This paper presents an innovative application for spent coffee grounds (SCGs) used as filler for the formulation of lightweight clay ceramic aggregates (LWA). LWA can be used for urban and agricultural purposes as a sustainable solution. Spent coffee grounds were tested as a pore forming agent partially acting as a replacement for red clay in material formulation before firing. Substitutions of 10, 15, and 20 wt.% of red clay were tested. The properties of lightweight aggregates with 15 wt.% of SCGs were improved using a specifically tailored fertilizer glass due to its low pH and conductivity within the soil tolerance range. Packaging glassy sand, cattle-bone flour ash, and potassium carbonate were mixed and melted in order to obtain this glass, which when added to the clayey batch functionalized the aggregates by phosphorus and potassium nutrients. The results (in particular, porosity and bulk density) show that the lightweight aggregates obtained have interesting properties for possible uses both in urban (e.g., green roofs as a drainage layer) and agricultural purposes. Moreover, pH and conductivity are in line with the Italian Standard regarding soil amendment (D.lgs. 75/2010). In addition, several leaching tests were performed in a solution containing 2 vol.% citric acid (C6H8O7) to evaluate the release capacity not only of nutrients (P and K) but also to check the presence and release of heavy metals, such as lead (Pb), that may come from the glassy precursor. The results obtained showed that nutrients are efficiently released in 21 days (P = 87.73% and K = 25.74% of released percentage) and Pb release is under the standard threshold of 30 ppm. Full article
(This article belongs to the Special Issue Recent Progress in Sustainable Clay Ceramics)
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Open AccessArticle
Waste-Based Pigments for Application in Ceramic Glazes and Stoneware Bodies
Materials 2019, 12(20), 3396; https://doi.org/10.3390/ma12203396 - 17 Oct 2019
Cited by 1
Abstract
The use of wastes, some of them hazards, as raw materials of ceramic pigments has been a way to diminish their environmental impact, to economically valorize them, and to face the depletion of virgin raw materials. In this work were prepared pigments having [...] Read more.
The use of wastes, some of them hazards, as raw materials of ceramic pigments has been a way to diminish their environmental impact, to economically valorize them, and to face the depletion of virgin raw materials. In this work were prepared pigments having in their composition only industrial wastes: Cr/Ni electroplating (ES), and sludges from the cutting of natural stones—marble (MS) and granite (GS). The prepared mixtures were calcined at three temperatures (1100, 1200, and 1300 °C) and the obtained powders were characterized by XRD and UV-vis. Their coloring strength and thermal stability were assessed by adding them to different ceramic substrates: glazes (transparent bright and opaque matte) and a stoneware paste. The CIEL*a*b* coordinates of the fired materials were measured. The developed pigments are thermally stable and exhibit good tinting power, originating nicely colored and defect-free ceramic materials. Full article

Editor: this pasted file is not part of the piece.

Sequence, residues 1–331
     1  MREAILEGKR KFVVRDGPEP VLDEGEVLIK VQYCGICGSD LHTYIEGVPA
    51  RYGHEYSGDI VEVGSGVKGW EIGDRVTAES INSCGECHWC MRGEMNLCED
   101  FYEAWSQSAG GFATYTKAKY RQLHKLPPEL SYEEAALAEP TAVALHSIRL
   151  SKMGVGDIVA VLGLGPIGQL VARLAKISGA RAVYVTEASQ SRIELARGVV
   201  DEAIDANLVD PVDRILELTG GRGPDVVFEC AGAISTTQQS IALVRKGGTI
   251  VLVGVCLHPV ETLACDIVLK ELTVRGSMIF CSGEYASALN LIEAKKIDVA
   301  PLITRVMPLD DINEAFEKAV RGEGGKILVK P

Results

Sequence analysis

(This article belongs to the Special Issue Recent Progress in Sustainable Clay Ceramics)
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Planned Papers

The below list represents only planned manuscripts. Some of these manuscripts have not been received by the Editorial Office yet. Papers submitted to MDPI journals are subject to peer-review.

1. Title: Effect of Olive- Pine Fly Ash on Properties of Geopolymers Based on Metakaolin

Authors: E. Bonet-Martínez, C. López-Mora, L. Pérez-Villarejo, E. Castro, D. Eliche-Quesada
Affiliation: Department of Chemical, Environmental, and Materials Engineering, Higher Polytechnic School of Jaén, University of Jaen, Campus Las Lagunillas s/n, 23071 Jaén, Spain

2. Title: Calcium Silicate Units Using As Raw Materials Wood Ash and Geosilex A Subproduct of the Acetylene Industry

Authors: M. Felipe-Sesé, L. Pérez-Villarejo, E. Castro, D. Eliche-Quesada
Affiliation: Department of Chemical, Environmental, and Materials Engineering, Higher Polytechnic School of Jaén, University of Jaen, Campus Las Lagunillas s/n, 23071 Jaén, Spain

3. Title: Spent Coffee Grounds in Lightweight Ceramic Aggregates Cleaner Production in View of Urban and Agricultural Sustainable Development

Authors: Fernanda Andreola, Alessandro Borghi, Simone Pedrazzi, Giulio Allesina, Paolo Tartarini, Isabella Lancellotti, Luisa Barbieri
Affiliation: Dipartimento di Ingegneria "Enzo Ferrari", Università degli Studi di Modena e Reggio Emilia, Via Pietro Vivarelli 10, 41125 Modena

4. Title: Waste-Based Pigments for Application in Ceramic Glazes and Stoneware Bodies

Authors: J. Carneiro, D.M. Tobaldi, M.N. Capela, M.P. Seabra, J.A. Labrincha
Affiliation: University of Aveiro, CICECO, Department of Materials and Ceramic Engineering, 3810-193, Aveiro, Portugal

5. Title: Development of Photocatalytic Coatings on Ceramic Roofing Tiles Comprised of Industrial Wastes by Thermal Hydrolysis of TiCl4

Authors: Angeliki Christogerou, Dimitra Koumpouri, George Angelopoulos
Affiliation: Laboratory of Materials and Metallurgy, Department of Chemical Engineering, University of Patras, Rio 26500, Greece